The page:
The series will find Luke in a new part of the city, Harlem to be precise, as he tries to get his life back in order. Will we learn more about the mysterious IGH? Will he find his way back to Hell’s Kitchen? Whatever happens, there is a terrific supporting cast being assembled around Colter, including Alfre Woodard, Theo Rossi, Frank Whaley and Sonia Braga.
Be prepared to clear a weekend some time in November when the entire first season lands on Netflix.
Luke Cage will then be followed onto the small screen by his occasional crime fighting compadre, Iron Fist. Originally appearing in Marvel comics in 1974, his alter ego is Daniel Rand, a native of New York City. Orphaned at the age of nine whilst on an expedition to the mythical city of K’un-Lun, Daniel is taken in and trained by martial arts master Lei Kung.
Ten years later he is sent to battle a fire-breathing serpent. After killing the beast, he plunges his fists into the molten heart of his enemy, thus imbuing him with mystical superhuman power, as well as the title of “Iron Fist”.
Which is all fine and dandy on the page, but with Daredevil and Jessica Jones, a televisual blueprint is already in place for the kind of world we are in. It is gritty, realistic and brutal, and we have no reason to think that Luke Cage is going to veer away from this.
So how the hell’s kitchen is Iron Fist and his mystical mitts going to fit in around here? Well, the internet scuttlebutt suggests not very well. The show was originally supposed to follow Jessica Jones, but was bumped to make way for Luke Cage. Having been in development for years, the casting of Daniel Rand was only confirmed last week, with the role going to Game of Thrones actor, Finn Jones. The only other confirmed cast member so far is Carrie Ann Moss reprising her role as hotshot lawyer Jeryn Hogarth, who we last saw in Jessica Jones. Rumours have been swirling for a while that the creative team led by Scott Buck and Scott Reynolds are struggling to settle on a definitive direction for the project.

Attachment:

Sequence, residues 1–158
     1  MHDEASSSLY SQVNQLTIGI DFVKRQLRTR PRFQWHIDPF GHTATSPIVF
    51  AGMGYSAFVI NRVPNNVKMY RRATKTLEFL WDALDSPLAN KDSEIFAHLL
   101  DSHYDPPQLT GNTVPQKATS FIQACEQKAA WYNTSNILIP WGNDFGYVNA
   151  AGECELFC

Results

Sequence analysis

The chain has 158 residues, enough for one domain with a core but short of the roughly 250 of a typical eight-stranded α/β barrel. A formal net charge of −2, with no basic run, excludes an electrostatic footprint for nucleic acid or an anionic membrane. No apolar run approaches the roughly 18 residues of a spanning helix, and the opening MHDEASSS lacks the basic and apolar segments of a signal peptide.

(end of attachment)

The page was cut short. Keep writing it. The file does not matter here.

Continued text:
That’s hardly surprising given how big a leap it is to go from the real world aesthetic of Daredevil and Jessica Jones into a superhero story that has it’s origins in 1970s Kung Fu movies and mythical dimensions. Then again, all of these stories exist in the wider Marvel Cinematic Universe, and let us not forget some of the far-out craziness going down in those films. Holes in the sky. Giant monsters. Red Skull. Dark Elves. Frost Giants.
I say Marvel and Netflix should just embrace the origin of Iron Fist. In the wake of everything else in the MCU it’s really not that weird.
This is the first of all these shows that has shown signs of a difficult development process. Let’s hope that the casting announcement is a sign that things are moving in the right direction.
And that direction will eventually lead, as is the way of the superhero world, to these four lone wolves banding together to become a crime-fighting super team known as The Defenders. This is a very exciting prospect.
According to IMDB this is due to air in 2016, but I think we can confidently push that back at least a year. With Luke Cage arriving as late as November, and Iron Fist only just being cast, there could be quite a wait for this gang to get together.
But with season 2 of Daredevil only a few weeks away, I think we’ll be okay.